I had an odd dream the other night, odder than usual. I found myself standing next to my mother in the kitchen of my childhood home, without any idea of how I got there. On the granite countertop, there was a large sheet of wax paper, which bore four raw, skin-on pork cheeks.

“We’re curing them today, right?” I asked, as I moved my hand towards one.

My mother slapped it away.

“We’re braising them today,” she said. Without speaking again, she heated an enamel pan on the stove with some olive oil and seared each cheek, skin-side down, like she used to do with chicken on Friday afternoons when I was a child. I heard the skin sizzle, and woke up.

Freud thought that dreams were difficult to understand because they were the result of displacement and condensation, of real-life anxieties expressed through vignettes. “When in a dream something has the character of a spoken utterance — that is, when it is said or heard, not merely thought, and the distinction can usually be made with certainty,” he writes in The Interpretation of Dreams, “then it originates in the utterances of waking life, which have, of course, been treated as raw material, dismembered, and slightly altered, and above all removed from their context.”

In my case, Freud was right about raw material, dismembered and slightly altered. This past school year, I have found a new hobby: curing meats. Pork cheeks, mostly, but also pork shoulders and beef rounds. Off in the corner of my dingy little basement, I may have as many as eight hunks of salted, spiced meat hanging at one time. Each piece of meat is tied with twine and hangs on a coatrack pole I liberated from my closet.

I began curing for simple enough reasons. I like cured meats, but they’re expensive in Ann Arbor. I like cooking, and wanted to try something more advanced. I wanted to feel more Italian. I wanted to do something out of the ordinary.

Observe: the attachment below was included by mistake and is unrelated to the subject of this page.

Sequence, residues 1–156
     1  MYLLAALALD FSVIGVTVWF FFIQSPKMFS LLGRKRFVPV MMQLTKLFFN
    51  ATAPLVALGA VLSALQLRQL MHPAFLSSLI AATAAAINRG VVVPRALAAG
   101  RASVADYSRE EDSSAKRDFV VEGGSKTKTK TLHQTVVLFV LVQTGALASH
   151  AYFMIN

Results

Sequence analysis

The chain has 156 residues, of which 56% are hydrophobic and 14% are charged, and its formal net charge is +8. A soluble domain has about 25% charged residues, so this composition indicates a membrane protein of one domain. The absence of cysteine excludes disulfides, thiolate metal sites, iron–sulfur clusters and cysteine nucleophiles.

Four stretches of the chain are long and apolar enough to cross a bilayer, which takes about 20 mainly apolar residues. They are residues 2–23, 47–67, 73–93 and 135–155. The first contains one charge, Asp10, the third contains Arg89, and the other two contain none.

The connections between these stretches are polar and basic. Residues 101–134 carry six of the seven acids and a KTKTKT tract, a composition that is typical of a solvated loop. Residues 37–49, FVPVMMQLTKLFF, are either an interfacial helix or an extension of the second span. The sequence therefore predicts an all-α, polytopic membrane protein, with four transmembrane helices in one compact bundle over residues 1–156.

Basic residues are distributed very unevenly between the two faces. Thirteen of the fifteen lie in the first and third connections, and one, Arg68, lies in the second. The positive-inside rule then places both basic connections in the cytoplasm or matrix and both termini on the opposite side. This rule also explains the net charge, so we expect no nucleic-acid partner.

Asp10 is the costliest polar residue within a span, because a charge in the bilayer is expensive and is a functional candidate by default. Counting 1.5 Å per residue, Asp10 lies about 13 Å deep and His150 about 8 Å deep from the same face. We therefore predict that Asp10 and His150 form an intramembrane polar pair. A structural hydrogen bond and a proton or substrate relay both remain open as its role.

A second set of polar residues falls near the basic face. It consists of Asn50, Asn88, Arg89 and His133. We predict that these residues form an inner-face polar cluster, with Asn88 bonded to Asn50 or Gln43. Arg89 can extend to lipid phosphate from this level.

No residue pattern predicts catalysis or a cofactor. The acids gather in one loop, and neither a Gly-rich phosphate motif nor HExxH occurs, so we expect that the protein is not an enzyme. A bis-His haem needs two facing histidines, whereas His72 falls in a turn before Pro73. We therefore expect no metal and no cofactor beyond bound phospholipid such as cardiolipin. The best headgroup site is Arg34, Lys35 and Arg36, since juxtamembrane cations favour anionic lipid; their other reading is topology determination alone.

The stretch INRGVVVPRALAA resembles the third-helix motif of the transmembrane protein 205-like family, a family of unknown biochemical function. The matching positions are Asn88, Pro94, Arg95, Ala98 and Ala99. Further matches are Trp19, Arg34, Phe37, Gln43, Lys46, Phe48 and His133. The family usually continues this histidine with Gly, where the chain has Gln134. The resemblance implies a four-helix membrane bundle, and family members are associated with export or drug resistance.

The first cured meat I made was guanciale, the salted, air-dried pork cheek that flavors many classic pastas in Rome. Properly cured, it tastes like pure pork, with fat that is somehow both crunchy and tender. I special-ordered two cheeks from the local butcher, and found a simple recipe online that required neither the addition of sodium nitrites (a preservative which gives hams and salami their cured flavor), nor a climate-controlled chamber. Salt, sugar, some aromatics, the cheeks and time. Each cheek resembled an irregular slab of bacon covered on one side by pink skin, with a few bristles still attached. They looked, when held at the right angle, like cheeks. I placed them in a plastic bag with the cure for about a week, and then hung them in the basement to dry, with no idea how they’d turn out.

I’ve never been so happy to see mold. On the thirteenth day of curing in my basement, my pork cheeks each had a small patch of white powder on their skin-side, a sign that some airborne strain of the penicillium genus had decided to make their home there. Penicillium molds can produce penicillin, the antibiotic compound hailed as a godsend in the twentieth century for its curative powers over both battlefield injuries and gonorrhea. There wasn’t any Nazi schrapnel or clap floating around my basement, I presume, but the dusting of penicillium would protect my meat from more sinister microbes.